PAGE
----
TOLEDO: Cities and counties that operate water treatment plants around Ohio are pushing back against a state proposal to require weekly tests for toxic algae in drinking water, arguing that monitoring isn’t needed year round and that it would cost too much, according to an Associated Press review.
The Ohio Environmental Protection Agency wants new regulations in place by next summer to both strengthen drinking water protection and get a better understanding of the threats from harmful algae blooms.
New requirements are being drafted by the agency for testing and treating drinking water and tracking toxic algae.
The changes are coming as concern grows over the increasing number of harmful algae blooms being detected nationwide. Ohio has been dealing with them from top to bottom in recent years — this summer saw the largest algae outbreak ever recorded on Lake Erie and another bloom that spread across much of the Ohio River.
The state EPA says that right now it’s hard to figure out how big the problem is because reporting programs are voluntary, and that’s one reason new regulations are needed for the 130 public water systems that get their drinking water from lakes, rivers and reservoirs.
It asked water plant operators to weigh in on the proposed rules earlier this fall.
Most of those who responded said the costs for smaller public water systems would be hefty, with some estimating that spending would go up as much as $25,000 for testing alone at each plant, according to the responses, obtained by the AP through a public records request.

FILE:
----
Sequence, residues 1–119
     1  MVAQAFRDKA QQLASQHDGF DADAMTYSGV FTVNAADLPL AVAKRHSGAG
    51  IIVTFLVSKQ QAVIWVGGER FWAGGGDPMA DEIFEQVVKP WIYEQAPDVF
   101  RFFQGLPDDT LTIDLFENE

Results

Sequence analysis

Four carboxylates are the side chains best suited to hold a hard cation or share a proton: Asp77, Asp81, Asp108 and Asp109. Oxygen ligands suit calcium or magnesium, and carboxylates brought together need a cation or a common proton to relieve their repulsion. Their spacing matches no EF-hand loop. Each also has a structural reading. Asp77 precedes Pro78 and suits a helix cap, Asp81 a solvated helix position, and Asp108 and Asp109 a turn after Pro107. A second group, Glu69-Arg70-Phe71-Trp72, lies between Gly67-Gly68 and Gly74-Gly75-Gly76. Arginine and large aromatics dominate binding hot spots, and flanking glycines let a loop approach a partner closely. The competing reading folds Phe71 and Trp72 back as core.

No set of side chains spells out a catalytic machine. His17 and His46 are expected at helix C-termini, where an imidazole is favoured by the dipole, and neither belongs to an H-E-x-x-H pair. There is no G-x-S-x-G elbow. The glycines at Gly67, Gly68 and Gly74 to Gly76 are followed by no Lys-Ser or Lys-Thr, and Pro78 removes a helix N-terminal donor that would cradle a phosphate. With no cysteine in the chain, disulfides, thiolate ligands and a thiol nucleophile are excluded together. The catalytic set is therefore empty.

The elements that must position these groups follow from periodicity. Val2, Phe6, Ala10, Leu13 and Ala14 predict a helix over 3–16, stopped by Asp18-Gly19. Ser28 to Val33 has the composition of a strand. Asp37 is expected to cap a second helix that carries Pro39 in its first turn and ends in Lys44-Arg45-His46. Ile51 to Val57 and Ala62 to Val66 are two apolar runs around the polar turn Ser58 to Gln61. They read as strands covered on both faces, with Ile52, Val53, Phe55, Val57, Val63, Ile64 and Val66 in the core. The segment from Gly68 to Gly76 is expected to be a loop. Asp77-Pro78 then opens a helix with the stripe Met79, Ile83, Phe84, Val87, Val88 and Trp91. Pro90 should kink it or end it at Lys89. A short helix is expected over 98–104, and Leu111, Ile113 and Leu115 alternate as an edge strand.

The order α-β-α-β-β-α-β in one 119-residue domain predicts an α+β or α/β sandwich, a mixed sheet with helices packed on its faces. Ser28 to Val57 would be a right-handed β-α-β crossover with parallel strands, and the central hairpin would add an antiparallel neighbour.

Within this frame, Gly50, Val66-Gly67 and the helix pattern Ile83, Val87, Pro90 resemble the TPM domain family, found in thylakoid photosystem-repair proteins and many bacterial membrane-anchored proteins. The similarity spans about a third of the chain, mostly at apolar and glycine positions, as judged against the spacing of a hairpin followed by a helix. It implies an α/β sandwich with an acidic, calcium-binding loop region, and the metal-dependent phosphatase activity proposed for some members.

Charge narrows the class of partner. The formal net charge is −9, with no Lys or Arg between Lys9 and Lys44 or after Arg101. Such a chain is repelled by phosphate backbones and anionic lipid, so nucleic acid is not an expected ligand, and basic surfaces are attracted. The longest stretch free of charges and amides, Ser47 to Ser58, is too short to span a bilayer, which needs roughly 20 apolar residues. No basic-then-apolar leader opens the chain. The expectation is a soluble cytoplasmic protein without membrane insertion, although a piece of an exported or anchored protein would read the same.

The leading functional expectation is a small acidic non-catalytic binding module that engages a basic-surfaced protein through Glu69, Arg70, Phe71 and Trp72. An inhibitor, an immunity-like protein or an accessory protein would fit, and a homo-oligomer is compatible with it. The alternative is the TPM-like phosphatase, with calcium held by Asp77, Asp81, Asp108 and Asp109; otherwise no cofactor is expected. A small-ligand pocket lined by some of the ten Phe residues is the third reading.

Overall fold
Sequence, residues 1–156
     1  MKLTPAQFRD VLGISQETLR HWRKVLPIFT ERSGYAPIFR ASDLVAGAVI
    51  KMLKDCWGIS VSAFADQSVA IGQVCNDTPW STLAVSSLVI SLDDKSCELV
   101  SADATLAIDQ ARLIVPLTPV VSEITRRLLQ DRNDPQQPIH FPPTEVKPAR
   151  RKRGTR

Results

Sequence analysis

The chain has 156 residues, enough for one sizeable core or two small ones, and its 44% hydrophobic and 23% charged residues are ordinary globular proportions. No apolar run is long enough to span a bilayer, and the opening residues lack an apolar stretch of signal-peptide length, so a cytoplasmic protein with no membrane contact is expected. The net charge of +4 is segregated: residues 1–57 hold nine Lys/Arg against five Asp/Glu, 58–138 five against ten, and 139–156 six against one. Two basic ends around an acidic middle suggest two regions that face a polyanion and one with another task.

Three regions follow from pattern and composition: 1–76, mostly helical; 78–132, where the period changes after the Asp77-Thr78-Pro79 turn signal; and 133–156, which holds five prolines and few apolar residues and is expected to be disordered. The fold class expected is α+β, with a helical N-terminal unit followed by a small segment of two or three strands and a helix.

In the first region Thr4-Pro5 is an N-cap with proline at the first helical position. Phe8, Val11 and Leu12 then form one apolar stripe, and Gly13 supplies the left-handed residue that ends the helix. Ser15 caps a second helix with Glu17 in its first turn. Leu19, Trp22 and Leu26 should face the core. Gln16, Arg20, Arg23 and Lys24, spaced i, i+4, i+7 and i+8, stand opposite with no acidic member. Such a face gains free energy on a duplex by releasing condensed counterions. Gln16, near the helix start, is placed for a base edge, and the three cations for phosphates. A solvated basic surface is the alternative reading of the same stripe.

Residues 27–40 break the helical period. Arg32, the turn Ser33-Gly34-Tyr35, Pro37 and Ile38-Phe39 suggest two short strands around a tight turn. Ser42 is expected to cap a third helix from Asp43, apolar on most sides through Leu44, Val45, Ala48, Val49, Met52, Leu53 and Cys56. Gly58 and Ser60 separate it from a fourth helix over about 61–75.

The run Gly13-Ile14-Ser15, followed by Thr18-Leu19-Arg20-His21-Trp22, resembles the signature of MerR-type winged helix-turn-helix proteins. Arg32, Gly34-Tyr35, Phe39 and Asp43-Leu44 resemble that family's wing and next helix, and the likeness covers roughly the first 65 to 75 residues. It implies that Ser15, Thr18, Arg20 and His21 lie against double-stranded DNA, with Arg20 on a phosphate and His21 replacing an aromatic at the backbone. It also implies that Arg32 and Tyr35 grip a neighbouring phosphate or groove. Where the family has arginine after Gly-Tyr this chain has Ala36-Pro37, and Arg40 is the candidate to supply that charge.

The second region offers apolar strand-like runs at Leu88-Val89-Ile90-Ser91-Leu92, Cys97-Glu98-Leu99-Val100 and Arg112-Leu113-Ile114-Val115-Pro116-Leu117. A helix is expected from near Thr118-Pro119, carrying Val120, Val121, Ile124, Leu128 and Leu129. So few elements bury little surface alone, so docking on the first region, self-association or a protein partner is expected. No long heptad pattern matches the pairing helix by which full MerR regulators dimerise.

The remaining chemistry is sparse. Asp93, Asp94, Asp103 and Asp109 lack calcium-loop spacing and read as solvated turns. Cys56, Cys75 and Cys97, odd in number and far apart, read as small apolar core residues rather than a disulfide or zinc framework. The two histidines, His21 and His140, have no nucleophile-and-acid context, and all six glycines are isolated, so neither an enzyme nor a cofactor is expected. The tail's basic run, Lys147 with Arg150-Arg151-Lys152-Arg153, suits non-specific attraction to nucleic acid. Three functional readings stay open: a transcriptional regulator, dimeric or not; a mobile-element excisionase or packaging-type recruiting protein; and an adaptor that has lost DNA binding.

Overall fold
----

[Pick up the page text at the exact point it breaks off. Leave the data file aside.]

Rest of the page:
“Water plants just don’t have that kind of money,” wrote Joe Bottegal, who’s with the city of Steubenville’s water department.
Nearly as many don’t think there’s a need for weekly testing in the winter months when algae blooms are no longer in the water.
Cutting testing to just once a month for at least part of the year would make sense and save water plants a great deal of money, wrote Tyler Converse, the water superintendent in Canton who’s also chair of the Water Utility Council in the state.
The head of the water plant in Lorain questioned why all public water suppliers were being asked to make changes when many have had no problems with the toxins.
The proposed regulations aren’t final, and the state EPA will look at making some changes based on the comments it received, said agency spokeswoman Heidi Griesmer.
The EPA director would have authority to reduce the amount of testing required for individual water suppliers if warranted, she said.